Patrolling Manchester's gang flashpoints

Suspect A suspect is searched by an Xcalibre officer

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Certain streets in Manchester are seen as flashpoints for gang violence and in recent months there have been concerns about raised tensions.

In an attempt to keep those areas calm Greater Manchester Police (GMP) is making sure officers from Xcalibre are a visible presence.

Xcalibre is GMP's specialist unit tackling gun and gang-related crime.

The walls of its office are covered in mugshots of suspects, grouped together under the names of their gangs - the Rusholme Cripz, the Fallowfield Mad Dogs and the Moss Side Bloods, among others.

"We've had a number of incidents where we have had tit-for-tat fights," says Det Sgt Robert Cousen.

"One gang will go into opposing territory. That then sets up tensions because the opposing gang will want some form of retribution.

"That's why we have Operation Cougar going on at the moment - to make sure those tensions don't get out of hand."

Preventing violence

He and his officers drive around in unmarked cars keeping close watch on places where they know gang members meet - deliberately stopping to speak to many of them.

Det Sgt Robert Cousen of GMP

Det Sgt Robert Cousen

"We have taken a massive amount of guns off the streets.

"The result of that is the gangs don't have the weapons they used to have and that is why we have had such a reduction in gang activity.

"There is also a lot of work going on in terms of education, getting into schools when children are very young... educating them that there is no kudos with being attached to a gang and it is only going to cause them problems in the future.

"It is important that we get intelligence from the community because that is the only way we can deal with the issues... We are not saying that everybody is a gang member - far, far from it.

"We are out there so that people can see us - so they can feel happy and comfortable speaking to.

"That way if there are any tensions or any problems they can tell us, and we can deal with them before they become a big issue."

Their aim is not only to find people responsible for causing trouble but stopping any from occurring in the first place.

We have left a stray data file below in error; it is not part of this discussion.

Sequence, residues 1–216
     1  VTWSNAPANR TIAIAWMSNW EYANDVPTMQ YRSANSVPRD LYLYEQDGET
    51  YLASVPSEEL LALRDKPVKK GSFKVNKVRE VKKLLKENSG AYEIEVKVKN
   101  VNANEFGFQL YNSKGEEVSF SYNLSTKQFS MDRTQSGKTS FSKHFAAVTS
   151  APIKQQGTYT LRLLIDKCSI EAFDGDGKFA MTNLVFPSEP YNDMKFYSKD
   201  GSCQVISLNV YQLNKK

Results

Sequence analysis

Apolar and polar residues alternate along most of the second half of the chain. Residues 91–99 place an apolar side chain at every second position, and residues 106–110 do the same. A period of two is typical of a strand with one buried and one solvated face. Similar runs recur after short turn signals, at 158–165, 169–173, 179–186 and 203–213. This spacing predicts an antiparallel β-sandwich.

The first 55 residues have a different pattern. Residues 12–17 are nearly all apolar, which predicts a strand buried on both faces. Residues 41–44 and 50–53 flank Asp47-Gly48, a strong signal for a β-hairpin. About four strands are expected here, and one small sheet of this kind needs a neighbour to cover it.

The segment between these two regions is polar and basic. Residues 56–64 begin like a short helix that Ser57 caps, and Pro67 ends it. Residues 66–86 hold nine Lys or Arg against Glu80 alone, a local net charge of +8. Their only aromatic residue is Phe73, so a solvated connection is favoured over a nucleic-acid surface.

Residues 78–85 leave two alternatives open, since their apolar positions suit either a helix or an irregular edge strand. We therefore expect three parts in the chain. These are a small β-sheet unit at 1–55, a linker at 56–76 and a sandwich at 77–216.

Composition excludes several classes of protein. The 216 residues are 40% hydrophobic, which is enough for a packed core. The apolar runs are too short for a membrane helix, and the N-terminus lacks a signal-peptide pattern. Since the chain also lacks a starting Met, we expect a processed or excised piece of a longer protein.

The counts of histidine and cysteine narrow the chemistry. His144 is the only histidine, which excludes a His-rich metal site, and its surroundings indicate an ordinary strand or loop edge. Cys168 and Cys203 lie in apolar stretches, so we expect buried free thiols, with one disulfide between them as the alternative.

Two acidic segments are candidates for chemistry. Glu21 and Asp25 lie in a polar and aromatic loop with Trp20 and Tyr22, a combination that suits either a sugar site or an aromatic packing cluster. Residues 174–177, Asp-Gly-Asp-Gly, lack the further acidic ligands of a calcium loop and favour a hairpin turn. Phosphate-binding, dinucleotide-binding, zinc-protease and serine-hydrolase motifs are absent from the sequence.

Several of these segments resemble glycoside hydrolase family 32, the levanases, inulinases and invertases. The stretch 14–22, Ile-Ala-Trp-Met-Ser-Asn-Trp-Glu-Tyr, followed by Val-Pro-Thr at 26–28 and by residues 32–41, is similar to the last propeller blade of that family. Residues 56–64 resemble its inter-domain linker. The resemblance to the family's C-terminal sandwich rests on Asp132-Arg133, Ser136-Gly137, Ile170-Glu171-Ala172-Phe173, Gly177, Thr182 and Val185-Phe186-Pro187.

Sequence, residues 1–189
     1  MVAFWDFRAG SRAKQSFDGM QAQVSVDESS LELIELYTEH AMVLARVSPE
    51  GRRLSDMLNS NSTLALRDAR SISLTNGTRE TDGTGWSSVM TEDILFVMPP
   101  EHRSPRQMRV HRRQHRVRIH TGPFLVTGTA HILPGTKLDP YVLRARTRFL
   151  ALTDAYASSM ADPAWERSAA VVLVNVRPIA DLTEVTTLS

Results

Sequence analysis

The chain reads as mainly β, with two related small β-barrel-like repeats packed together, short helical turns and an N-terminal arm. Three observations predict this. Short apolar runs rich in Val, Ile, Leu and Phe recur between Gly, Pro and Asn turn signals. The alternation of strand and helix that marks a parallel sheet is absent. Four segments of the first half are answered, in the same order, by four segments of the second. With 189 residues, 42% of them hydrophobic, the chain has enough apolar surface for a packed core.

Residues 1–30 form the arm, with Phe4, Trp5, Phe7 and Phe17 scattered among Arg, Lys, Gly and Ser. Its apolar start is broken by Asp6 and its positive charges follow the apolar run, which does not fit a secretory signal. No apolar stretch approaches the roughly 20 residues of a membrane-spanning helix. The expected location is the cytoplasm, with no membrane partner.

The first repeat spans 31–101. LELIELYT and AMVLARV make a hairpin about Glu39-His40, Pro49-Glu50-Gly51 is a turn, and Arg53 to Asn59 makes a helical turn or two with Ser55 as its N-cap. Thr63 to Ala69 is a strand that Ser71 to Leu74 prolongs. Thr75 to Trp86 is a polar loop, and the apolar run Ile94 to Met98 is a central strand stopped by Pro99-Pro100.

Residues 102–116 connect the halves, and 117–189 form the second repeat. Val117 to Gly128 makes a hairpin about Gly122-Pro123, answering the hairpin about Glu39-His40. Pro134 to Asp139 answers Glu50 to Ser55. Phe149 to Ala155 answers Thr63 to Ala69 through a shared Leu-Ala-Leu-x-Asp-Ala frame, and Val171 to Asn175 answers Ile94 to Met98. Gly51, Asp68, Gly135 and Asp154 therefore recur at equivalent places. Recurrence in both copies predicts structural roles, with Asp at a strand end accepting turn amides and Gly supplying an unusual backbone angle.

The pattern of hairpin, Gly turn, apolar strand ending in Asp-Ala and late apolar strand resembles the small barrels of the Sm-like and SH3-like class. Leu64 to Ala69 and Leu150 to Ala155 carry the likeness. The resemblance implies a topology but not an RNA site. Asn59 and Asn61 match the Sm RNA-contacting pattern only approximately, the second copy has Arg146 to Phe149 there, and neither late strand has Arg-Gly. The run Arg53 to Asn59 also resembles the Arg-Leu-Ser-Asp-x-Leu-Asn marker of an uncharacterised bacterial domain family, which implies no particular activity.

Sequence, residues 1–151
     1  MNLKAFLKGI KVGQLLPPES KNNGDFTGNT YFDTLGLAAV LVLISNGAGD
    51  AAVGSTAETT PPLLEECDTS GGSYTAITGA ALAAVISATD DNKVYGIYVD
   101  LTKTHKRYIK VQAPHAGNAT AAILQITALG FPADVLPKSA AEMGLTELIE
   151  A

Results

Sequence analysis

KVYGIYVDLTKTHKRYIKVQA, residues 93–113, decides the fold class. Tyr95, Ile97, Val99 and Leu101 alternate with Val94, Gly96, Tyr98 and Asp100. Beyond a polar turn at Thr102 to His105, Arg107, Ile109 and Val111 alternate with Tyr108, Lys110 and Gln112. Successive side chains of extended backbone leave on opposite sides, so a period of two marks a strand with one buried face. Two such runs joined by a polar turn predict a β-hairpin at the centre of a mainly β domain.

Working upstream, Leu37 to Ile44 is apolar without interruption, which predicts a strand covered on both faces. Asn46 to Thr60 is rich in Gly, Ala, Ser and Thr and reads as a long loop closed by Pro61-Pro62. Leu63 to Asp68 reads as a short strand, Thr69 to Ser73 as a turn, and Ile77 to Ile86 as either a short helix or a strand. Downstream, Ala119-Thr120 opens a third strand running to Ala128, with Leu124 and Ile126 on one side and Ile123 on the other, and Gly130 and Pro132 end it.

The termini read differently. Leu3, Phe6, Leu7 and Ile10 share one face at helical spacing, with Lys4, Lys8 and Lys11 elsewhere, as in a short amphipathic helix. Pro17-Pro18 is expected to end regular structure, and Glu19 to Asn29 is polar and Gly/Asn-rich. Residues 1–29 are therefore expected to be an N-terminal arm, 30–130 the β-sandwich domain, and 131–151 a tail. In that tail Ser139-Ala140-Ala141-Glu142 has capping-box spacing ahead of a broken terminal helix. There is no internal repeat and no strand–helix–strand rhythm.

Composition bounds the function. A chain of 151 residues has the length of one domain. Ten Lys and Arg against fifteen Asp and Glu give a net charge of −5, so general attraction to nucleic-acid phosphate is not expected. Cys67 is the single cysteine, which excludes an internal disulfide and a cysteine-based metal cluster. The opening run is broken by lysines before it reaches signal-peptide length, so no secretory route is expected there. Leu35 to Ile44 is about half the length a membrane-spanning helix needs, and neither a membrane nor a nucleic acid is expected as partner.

In Greater Manchester there are obvious reminders of the problem.

In Moss Side a window shattered by a bullet. In Wythenshawe flowers at the side of the road for a murder victim.

From today police forces in England and Wales have a new weapon designed to prevent gang-related violence.

Gang injunctions are very similar to Asbos - so much so that some have already nicknamed them "Gangbos".

Like anti-social behaviour orders, they are a civil tool requiring a much lower standard of proof than a criminal conviction, but breaching them could lead to a fine or even jail.

The court can use an injunction to stop people from doing a wide range of things - from wearing gang-associated colours to associating with other known members.

In practice Asbos have been used in exactly the same way.

'It will never stop'

In Hulme, just outside the city centre, I met Callum who was given an Asbo after he got into a fight with someone involved in a gang.

The conditions of the order prevent him from going to certain areas, covering his face or meeting some of his friends.

Giuseppe Gregory Giuseppe Gregory's father believes the new legislation will have a limited effect

"I am not a gang member but I do chill with gang members", says the 17-year-old, who is cynical about whether the new injunctions will have any effect.

"One gang hates another gang - they just don't get on.

"It will never stop... unless they all go to jail. That is the only way of tackling it."

The injunctions are being introduced on the day Giuseppe Gregory would have turned 18.

He was killed two years ago in a gang-related shooting.

His father James has now set up a campaign group called Fathers Against Violence.

He believes the new legislation will have a limited effect and that the government needs to address the root causes of gang culture.

"There are social issues which we face in communities across Manchester and you can be drawn into a certain way of living," James Gregory insists.

"For many in gang life there is no exit strategy. When you are in it, you are in it."

Badge of honour

The government argues the crucial difference between gang injunctions and Asbos is that they do not just stop someone from doing something.

They can also require them to take part in rehabilitation programmes.

However, there are campaigners worried that injunctions will be seen as a proof of gang membership - just as Asbos were viewed by some as a badge of honour.

"When we've gone into schools, including junior schools, and asked if anyone is in a gang they all put their hands up," says Patsy McKie of Mothers Against Violence.

"We are finding that children aged eight and nine are talking about gangs and saying they are in gangs.

"I think that is what we need to be looking at - why would children want to be in a gang?"

A sign of that concern may be reflected in the government's plans.

Initially gang injunctions are only for suspected members aged 18 or over.

In the spring there are plans for a pilot scheme that would see the injunctions served against youths as young as 14.

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